# Why are event horizons described in Schwarzschild radii rather than diameters, and either way can they change equator to pole?

I never heard of Schwarzschild diameters, only of Schwarzschild radii. Why is it like this? Wouldn't it be better to portray the (possible) size of a black hole in a diameter?

Either way, can we use the terms radius or diameter term precisely? Is an event horizon always perfectly spherical or can it have something like an equatorial bulge even though it's a black hole's immaterial event horizon.

• A sphere is most simply described by means of radius, not by diameter: volume = 4/3 pi r^3. Also radius is a good choice in polar coordinates which are suitable to describe the non-spherical yet rotational symmetric deviations from a perfect sphere for rotating black holes – planetmaker Nov 10 '20 at 7:25
• Distance (& coordinates) in general relativity is a complicated topic. Especially near black holes! It's better to think of the Schwarzschild radius (of a non-rotating black hole) as a way to measure the circumference or area of the event horizon (using the usual formulae), rather than thinking of it as the distance to the centre of the black hole. There are numerous questions on this topic on the Physics stack, but they tend to get fairly technical very quickly. – PM 2Ring Nov 10 '20 at 10:01
• – PM 2Ring Nov 10 '20 at 12:36
• Changing the conventions or units would have no practical effects. Why is it important to you? – D. Halsey Nov 10 '20 at 15:30
• Our usual notions of geometry are practically useless near a black hole. It's bad enough near a SMBH (super-massive black hole) but near a tiny BH the spacetime curvature changes very rapidly. A rigid body can't get near a small BH without being spaghettified (but you can cross the horizon of a SMBH before getting spaghettified). According to vttoth.com/CMS/physics-notes/311-hawking-radiation-calculator the tidal force from one atom to its neighbour atom in normal matter near a 1" radius BH is ~14 trillion g (Earth gravities). No hand or tape measure can cope with that. – PM 2Ring Nov 11 '20 at 0:44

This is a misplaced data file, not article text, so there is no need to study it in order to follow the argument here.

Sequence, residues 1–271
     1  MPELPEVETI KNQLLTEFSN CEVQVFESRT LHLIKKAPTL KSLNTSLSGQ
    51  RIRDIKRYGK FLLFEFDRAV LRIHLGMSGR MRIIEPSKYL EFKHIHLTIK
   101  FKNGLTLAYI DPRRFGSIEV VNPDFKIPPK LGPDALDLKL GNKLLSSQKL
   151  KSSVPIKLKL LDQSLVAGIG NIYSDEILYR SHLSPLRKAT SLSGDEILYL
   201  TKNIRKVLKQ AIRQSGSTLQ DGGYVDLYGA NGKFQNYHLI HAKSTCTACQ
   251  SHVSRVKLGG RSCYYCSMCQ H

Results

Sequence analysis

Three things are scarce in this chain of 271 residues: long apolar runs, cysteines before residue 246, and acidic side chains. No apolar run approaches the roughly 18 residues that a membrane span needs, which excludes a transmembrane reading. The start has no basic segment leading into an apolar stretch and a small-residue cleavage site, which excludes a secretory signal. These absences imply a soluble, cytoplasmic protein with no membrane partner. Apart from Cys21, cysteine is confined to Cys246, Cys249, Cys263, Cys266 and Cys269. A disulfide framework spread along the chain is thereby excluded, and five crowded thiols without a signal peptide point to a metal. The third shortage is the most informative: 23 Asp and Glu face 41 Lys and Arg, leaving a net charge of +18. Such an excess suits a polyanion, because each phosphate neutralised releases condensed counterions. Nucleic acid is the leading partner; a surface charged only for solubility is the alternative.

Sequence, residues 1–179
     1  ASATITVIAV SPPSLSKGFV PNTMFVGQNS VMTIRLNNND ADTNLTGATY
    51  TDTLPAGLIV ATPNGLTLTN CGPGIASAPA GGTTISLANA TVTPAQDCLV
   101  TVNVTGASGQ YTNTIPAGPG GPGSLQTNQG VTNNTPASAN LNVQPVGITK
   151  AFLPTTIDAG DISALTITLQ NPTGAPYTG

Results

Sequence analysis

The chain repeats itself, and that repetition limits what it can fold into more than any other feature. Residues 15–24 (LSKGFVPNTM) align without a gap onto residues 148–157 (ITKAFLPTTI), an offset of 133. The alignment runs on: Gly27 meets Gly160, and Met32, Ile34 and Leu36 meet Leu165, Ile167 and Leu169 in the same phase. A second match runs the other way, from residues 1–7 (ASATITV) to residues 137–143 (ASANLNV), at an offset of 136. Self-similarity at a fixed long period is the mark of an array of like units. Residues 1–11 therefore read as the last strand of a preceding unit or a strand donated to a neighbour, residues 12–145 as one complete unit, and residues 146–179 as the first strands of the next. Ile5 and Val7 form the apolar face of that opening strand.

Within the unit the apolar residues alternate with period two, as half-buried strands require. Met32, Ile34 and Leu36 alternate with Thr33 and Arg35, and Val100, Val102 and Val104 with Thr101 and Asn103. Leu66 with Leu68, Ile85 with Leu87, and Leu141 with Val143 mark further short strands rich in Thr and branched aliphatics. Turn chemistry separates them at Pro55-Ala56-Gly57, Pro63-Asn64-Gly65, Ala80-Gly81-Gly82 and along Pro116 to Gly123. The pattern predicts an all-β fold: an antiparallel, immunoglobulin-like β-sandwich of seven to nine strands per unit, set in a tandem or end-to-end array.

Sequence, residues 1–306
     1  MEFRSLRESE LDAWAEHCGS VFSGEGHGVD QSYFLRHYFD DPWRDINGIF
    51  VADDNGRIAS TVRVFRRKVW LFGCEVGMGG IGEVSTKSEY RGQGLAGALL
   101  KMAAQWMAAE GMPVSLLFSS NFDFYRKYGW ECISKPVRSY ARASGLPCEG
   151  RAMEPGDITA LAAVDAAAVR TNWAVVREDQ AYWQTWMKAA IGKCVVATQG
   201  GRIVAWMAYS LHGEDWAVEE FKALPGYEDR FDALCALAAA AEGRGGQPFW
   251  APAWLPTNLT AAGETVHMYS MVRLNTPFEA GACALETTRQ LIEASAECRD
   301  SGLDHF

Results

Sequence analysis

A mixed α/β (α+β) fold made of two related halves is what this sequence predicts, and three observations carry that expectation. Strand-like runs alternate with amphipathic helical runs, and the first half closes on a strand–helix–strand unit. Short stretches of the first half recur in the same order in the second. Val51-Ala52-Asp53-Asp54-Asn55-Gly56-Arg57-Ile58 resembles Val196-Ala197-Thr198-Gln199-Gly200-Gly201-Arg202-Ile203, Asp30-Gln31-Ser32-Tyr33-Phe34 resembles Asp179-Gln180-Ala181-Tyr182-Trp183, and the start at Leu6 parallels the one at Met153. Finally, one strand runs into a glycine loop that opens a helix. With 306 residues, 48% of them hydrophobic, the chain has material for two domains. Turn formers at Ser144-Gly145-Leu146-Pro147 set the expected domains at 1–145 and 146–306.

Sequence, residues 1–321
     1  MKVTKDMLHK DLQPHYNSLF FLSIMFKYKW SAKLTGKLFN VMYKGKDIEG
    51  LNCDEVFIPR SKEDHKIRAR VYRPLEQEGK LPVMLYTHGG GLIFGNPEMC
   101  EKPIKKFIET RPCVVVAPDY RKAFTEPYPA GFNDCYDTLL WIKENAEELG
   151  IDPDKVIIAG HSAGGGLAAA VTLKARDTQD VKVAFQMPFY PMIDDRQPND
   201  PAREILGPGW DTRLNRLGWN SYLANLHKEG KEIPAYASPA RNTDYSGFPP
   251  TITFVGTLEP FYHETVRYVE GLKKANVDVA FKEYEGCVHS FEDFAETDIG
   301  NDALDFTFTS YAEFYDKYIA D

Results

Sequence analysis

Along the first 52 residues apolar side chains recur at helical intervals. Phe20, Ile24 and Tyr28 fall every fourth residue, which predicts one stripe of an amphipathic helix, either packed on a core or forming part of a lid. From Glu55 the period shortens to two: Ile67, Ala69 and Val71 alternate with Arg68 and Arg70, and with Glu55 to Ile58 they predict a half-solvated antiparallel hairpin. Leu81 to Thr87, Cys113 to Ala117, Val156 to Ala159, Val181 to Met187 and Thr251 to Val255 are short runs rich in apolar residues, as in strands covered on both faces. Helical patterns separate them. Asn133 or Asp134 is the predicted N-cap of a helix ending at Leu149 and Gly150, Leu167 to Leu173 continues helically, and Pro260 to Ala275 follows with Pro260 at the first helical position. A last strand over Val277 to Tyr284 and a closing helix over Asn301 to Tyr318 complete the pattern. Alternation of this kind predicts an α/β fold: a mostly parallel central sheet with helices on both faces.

We use the Schwarzschild radius $$r_s$$ (rather than a diameter) because it's convenient. We're want to describe what happens in the vicinity of a black hole, so it's natural to talk about the distance from the black hole.

For example, there's the photon sphere at $$3r_s/2$$ (for a Schwarzschild BH), and the innermost stable circular orbit or ISCO, the smallest circular orbit in which a test particle can stably orbit a massive object, at $$3r_s$$

The ISCO plays an important role in black hole accretion disks since it marks the inner edge of the disk. [...] Circular orbits are still possible between the ISCO and the photon sphere, but they are unstable. For a massless test particle like a photon, the only possible circular orbit is exactly at the photon sphere, and is unstable. Inside the photon sphere, no circular orbits exist. [...] The case for rotating black holes is somewhat more complicated.

Another phenomenon which involves the distance from a BH is gravitational lensing. The amount of deflection of a light beam passing near a BH (or indeed any source of gravity) depends on the distance $$r$$ of the beam's path from the centre of mass. The deflection angle is given by $$\theta=2r_s/r$$. I guess you could use diameter in that formula, but it's more natural to think in terms of radius. It's a bit like shooting at a target (with light beams). When you shoot at a circular target, you're concerned with how far your shots are from the centre of the target.

As I said in the comments, our usual notions of geometry are not very useful in the highly curved spacetime near a BH. And if you want to get close to a BH, you need to be in an orbit travelling near the speed of light, and / or your spacecraft needs to be capable of the extremely high acceleration required to hover near a BH (and you & your ship need impossible strength to cope with the insanely huge g force resulting from such acceleration). Travelling at high speed adds additional relativistic effects on top of those GR effects due to the BH's gravity.